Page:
The dreadful “Judy in San Francisco” LP. That LP oddly enough only had one number from this concert in San Francisco. Go figure. But the cover art is great and has been a fan favorite.
May 11, 1959
JUDY AT THE MET
These recordings are all from Judy’s 1959 appearance at New York’s Metropolitan Opera House.
ALMOST LIKE BEING IN LOVE/THIS CAN’T BE LOVE (this is a recording from Judy’s 1959 opera house tour, although it’s unclear at which venue this was recorded. It could be from this Met appearance.)
October 28, 1960
LIVE IN PARIS (zip file)
Judy took her new one-woman show to the Olympia Theater in Paris, France for two nights. This night’s concert was recorded and broadcast by the radio station “Europe 1” on November 3, 1960.
The concert has been released on CD in 1994 and 2005, the former titled “Judy Garland a Paris” and the latter titled “Judy Garland Live in Paris.”
April 25, 1962
Here are some rare recordings from Judy’s rehearsals for her appearance at the Manhattan Center in New York. The idea was to make a follow-up to the enormously popular “Judy At Carnegie Hall” with a new live album entitled “Judy Takes Broadway.” Capitol invited fans and celebrities to make up the late-night audience.
Unfortunately, Judy was suffering from laryngitis and although she soldiered on, she could not complete the “concert.” She wasn’t able to get to “Seventy-Six Trombones” and “Tonight.” Later that night, after the audience left, she completed “Why Can’t I?” and attempted “Do What You Do”, but halted it after singing just the verse. Judy was incredibly hoarse by this point (who wouldn’t be?) and her keen musical sense told her that she couldn’t go on.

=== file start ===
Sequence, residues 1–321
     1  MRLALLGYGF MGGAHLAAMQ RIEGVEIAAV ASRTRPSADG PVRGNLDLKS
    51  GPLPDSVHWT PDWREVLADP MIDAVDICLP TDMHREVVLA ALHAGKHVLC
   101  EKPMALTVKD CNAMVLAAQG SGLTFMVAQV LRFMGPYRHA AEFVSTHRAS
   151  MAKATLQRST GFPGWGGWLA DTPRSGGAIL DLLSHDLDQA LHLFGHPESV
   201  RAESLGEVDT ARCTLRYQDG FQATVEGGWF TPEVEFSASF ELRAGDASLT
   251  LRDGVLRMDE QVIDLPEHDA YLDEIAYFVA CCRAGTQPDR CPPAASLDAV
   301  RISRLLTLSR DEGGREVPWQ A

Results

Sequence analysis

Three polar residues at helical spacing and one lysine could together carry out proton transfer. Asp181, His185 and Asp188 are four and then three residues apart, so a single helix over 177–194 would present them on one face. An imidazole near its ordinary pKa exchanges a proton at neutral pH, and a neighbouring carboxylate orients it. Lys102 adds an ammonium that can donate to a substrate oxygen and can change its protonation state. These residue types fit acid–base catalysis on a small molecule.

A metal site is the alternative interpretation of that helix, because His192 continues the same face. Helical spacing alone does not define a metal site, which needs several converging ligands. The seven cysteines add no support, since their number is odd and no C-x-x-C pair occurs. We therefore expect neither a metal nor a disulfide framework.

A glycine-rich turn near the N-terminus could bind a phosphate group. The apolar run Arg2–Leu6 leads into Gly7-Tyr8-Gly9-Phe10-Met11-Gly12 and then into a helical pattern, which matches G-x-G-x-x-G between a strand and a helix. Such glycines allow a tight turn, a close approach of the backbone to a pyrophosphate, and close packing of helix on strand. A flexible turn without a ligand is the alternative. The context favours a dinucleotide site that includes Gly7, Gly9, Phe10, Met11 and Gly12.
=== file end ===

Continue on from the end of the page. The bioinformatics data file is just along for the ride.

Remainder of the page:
A recording session is listed as being held at Capitol Records in Hollywood on October 2, 1963, which was an attempt to get completed takes for Judy’s unreleased album “Judy Takes Broadway.” However, the single reel of tape only contained orchestra tracks of “Do What You Do,” “76 Trombones,” and “Why Can’t I?” with no vocal track. Judy can barely be heard in the background, perhaps saving her voice the upcoming taping of the latest episode of her TV show.
The tape is noted as being a “dub (original in England),” so it’s possible that it was derived fro a session in England, or mixed from other takes made in April 1962. The master numbers are the exact same for the three songs from this session as they are from the April 1962 sessions, so it’s possible that a session wasn’t held on this date at all, and it’s an error with Capitol Records.